(Erik Rosales) #1

I have a question when it comes to compatibility. I’ve just finished my first Tumult Hype site for my group Sirqus Alfon. Wohoo! (Still not optimized to iPhones or iPads but anyway)

Im using SVGs to make all my graphic elements as tiny as possible and also look good if scaled up. But when I exported the site it says that a lot of devices can’t handle SVG’s

Whats your take on the matter. Would you use PNG’s or PDF’s. Or do you think SVG’s does the job for most of the cases?

check and see if it works for you guys…


I think you should be fine.

The warning is for older browsers:

You can see support for the SVG element here:

Site looks great :slight_smile:


SVG is a great format for vector graphics on the web. However, watch out for IE 11. Sometimes, in that browser, the image doesn’t stay inside the expected size area.


…that site might be helpful. SVG images, in general, can be much quicker to load than a PNG – especially for illustrations.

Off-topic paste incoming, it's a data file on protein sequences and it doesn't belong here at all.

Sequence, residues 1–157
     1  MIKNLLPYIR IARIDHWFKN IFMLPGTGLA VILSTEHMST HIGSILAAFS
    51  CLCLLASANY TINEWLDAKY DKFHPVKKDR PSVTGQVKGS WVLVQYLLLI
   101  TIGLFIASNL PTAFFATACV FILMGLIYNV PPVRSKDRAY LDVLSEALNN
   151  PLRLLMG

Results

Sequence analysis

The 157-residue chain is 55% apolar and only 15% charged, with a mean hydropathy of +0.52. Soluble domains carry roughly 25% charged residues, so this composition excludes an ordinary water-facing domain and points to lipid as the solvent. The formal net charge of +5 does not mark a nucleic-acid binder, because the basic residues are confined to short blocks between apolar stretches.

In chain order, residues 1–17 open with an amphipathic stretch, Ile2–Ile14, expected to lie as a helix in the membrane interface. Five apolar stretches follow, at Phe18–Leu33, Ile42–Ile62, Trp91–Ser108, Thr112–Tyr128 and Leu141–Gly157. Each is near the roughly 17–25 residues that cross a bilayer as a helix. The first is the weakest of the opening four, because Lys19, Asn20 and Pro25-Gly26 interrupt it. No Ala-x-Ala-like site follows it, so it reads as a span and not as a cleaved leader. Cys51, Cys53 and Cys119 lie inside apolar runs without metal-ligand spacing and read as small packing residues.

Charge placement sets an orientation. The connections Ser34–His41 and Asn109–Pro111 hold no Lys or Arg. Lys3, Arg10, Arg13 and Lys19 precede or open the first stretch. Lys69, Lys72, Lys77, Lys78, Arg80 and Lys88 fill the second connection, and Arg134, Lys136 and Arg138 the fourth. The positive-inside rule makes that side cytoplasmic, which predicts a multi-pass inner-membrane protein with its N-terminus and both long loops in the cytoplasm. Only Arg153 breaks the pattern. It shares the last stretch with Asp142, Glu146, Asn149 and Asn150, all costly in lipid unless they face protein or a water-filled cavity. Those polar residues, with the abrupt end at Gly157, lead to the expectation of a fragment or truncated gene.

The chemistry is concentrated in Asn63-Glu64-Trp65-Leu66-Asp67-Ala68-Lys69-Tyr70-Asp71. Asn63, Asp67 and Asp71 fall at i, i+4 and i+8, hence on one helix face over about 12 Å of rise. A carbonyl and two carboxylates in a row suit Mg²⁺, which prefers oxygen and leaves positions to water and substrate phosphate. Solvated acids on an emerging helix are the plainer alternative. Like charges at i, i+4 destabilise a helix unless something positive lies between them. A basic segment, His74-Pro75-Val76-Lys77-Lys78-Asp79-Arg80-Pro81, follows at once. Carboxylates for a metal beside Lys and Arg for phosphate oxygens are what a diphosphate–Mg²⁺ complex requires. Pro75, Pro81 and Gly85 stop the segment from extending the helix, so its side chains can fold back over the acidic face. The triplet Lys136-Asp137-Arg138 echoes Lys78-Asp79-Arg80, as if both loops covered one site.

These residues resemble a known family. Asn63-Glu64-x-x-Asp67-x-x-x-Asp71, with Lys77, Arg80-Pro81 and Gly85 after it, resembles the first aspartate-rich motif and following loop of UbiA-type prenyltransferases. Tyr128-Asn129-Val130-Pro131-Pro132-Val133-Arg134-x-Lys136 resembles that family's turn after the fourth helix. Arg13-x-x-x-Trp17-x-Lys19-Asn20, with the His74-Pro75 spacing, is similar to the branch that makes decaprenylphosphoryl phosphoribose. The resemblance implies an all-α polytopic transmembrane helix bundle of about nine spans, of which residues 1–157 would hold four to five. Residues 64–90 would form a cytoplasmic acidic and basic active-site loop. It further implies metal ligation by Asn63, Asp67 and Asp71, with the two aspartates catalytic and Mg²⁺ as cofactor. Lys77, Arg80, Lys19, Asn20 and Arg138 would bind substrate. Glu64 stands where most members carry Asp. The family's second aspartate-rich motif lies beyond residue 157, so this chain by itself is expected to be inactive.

(Jonathan Deutsch) #4


  • PDFs are not a “web” format and basically require a plugin to view. This means they are extremely slow and probably won’t display how you really want. They also aren’t particularly optimized for file size.
  • SVG can sometimes have compatibility and render performance issues depending on how it is used. My recommendation is to not use them if they are animating in size. Also watch out for “fake” SVGs - apps like photoshop will sometimes export an SVG but just include bitmap data inside!
  • PNGs can of course be large, so I’d recommend always using ImageOptim on them (even after Hype’s export, since it may optimize and make a new one!)

I guess those were mostly the downsides to each :slight_smile:.

(Ken Heins) #5

I have used ImageOptim, but really prefer or You can open either one, upload your image whether jpg or png to either one and it will make the conversions. Smaller than imagOptim.
Jpgs tend to run about 10% smaller than png’s, but if you want transparency, go with png.

Conversions often run as high as 85% reduction with no noticeable visual degradation.

I do a lot of my initial work with images at 300dpi, you can do more image enhancement than you can if you start at 72dpi, then tinyjpg or tinypng does the final conversion to 72 dpi, but with a lot of the benefits of 300 dpi quality. This is assuming that the initial image is high quality enough to benefit from 300dpi. Some may disagree but I have been working with Photoshop/now Pixelmator since 1993. Your results may vary :slight_smile:

(Erik Rosales) #6

Thanks for some great input on the topic! I think I’ll go with SVG and compress them with:

It seems to do the job quite well :ok_hand:

Best. Erik